Ninth Circuit: FSC used to transfer funds from family business into Roth IRAs (Tax Court reversed)

The Ninth Circuit found that the Tax Court erred in applying the substance-over-form principles.

The Ninth Circuit found that the Tax Court erred.

The U.S. Court of Appeals for the Ninth Circuit today reversed a “reviewed decision” of the U.S. Tax Court that had applied substance-over-form principles in determining who owned a foreign sales corporation (FSC) that was used to transfer funds from a family business into Roth IRAs.

The Ninth Circuit found that the Tax Court—which had set aside the Roth IRAs’ formal ownership of the FSC’s shares—erred in applying the substance-over-form principles.

The case is: Mazzei v. Commissioner, No. 18-72451 (9th Cir. June 2, 2021). Read the Ninth Circuit’s decision [PDF 302 KB]


The taxpayers entered into a prepackaged plan to save taxes by routing funds from their family business through a Bermuda-based foreign sales corporation (FSC) and then into Roth IRAs created for this purpose. Pursuant to this plan, in 1998 each taxpayer directly contributed $2,000 (the applicable contribution limit) to his or her newly created Roth IRA, which then paid a nominal amount for stock in the FSC.

From 1998 to 2002, the taxpayers routed payments of over $533,000 from their family business, through the FSC, and into their Roth IRAs. Thus, with these transactions, payments from the taxpayers’ business to the FSC were followed by payments of dividends by the FSC to the Roth IRAs.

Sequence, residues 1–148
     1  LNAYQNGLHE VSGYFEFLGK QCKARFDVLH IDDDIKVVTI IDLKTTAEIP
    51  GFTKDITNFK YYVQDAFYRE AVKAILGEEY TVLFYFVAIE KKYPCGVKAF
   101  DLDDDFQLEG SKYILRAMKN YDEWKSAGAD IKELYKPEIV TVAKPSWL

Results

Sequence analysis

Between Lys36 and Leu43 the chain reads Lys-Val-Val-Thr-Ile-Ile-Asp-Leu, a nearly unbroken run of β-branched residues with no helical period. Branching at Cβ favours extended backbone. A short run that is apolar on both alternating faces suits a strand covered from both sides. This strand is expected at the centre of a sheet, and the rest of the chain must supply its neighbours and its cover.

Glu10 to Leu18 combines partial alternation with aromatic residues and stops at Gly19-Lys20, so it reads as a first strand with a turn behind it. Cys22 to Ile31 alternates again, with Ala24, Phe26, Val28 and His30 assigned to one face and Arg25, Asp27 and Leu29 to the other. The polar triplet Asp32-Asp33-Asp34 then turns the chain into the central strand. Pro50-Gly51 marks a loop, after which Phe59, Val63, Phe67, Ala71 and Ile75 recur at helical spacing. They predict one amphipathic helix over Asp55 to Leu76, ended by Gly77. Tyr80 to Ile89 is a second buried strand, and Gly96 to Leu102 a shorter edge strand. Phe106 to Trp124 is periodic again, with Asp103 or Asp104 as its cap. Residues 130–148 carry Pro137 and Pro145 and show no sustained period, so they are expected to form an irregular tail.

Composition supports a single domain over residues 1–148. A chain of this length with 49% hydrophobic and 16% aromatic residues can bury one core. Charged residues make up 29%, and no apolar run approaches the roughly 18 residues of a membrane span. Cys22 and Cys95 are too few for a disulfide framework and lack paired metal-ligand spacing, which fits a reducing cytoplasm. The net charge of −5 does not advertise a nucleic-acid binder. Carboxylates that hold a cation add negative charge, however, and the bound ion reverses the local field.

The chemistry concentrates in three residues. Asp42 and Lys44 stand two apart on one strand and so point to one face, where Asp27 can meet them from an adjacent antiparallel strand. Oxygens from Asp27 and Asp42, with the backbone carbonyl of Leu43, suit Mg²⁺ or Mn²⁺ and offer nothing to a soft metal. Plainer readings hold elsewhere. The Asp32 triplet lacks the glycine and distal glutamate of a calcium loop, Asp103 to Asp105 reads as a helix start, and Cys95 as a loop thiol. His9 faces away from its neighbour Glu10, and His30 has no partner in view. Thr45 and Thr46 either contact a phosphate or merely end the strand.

The IRS contended that the payments from the FSC to the Roth IRAs represented, in substance, contributions from the taxpayers to their Roth IRAs and that because these payments exceeded contribution limits for the Roth IRAs, the taxpayers were liable for excise taxes under section 4973.

The taxpayers filed a petition with the Tax Court which, in a March 2018 reviewed opinion [PDF 6 MB], held that the taxpayers—and not their Roth IRAs—were the owners, for federal tax purposes, of the FSC stock. The Tax Court concluded that in substance the FSC dividends were income to the taxpayers who contributed the funds to their Roth IRAs. Thus, the Tax Court found the taxpayers were liable for excise taxes on excess contributions to their Roth IRAs.

The taxpayers appealed to the Ninth Circuit.

Ninth Circuit

The Ninth Circuit today reversed the Tax Court and concluded that because of the unusual statutory provisions at issue here, the Tax Court erred by invoking substance-over-form principles to effectively reverse the statutory regime and to disallow what the statute plainly allowed.

With this decision, the Ninth Circuit joined three other circuits that have similarly disallowed the invocation of substance-over-form principles to undo the congressionally authorized separation of substance and form that is involved in an entity similar to the FSC at issue in this case.



The KPMG name and logo are trademarks used under license by the independent member firms of the KPMG global organization. KPMG International Limited is a private English company limited by guarantee and does not provide services to clients. No member firm has any authority to obligate or bind KPMG International or any other member firm vis-à-vis third parties, nor does KPMG International have any such authority to obligate or bind any member firm. The information contained herein is of a general nature and is not intended to address the circumstances of any particular individual or entity. Although we endeavor to provide accurate and timely information, there can be no guarantee that such information is accurate as of the date it is received or that it will continue to be accurate in the future. No one should act on such information without appropriate professional advice after a thorough examination of the particular situation. For more information, contact KPMG's Federal Tax Legislative and Regulatory Services Group at: + 1 202 533 4366, 1801 K Street NW, Washington, DC 20006.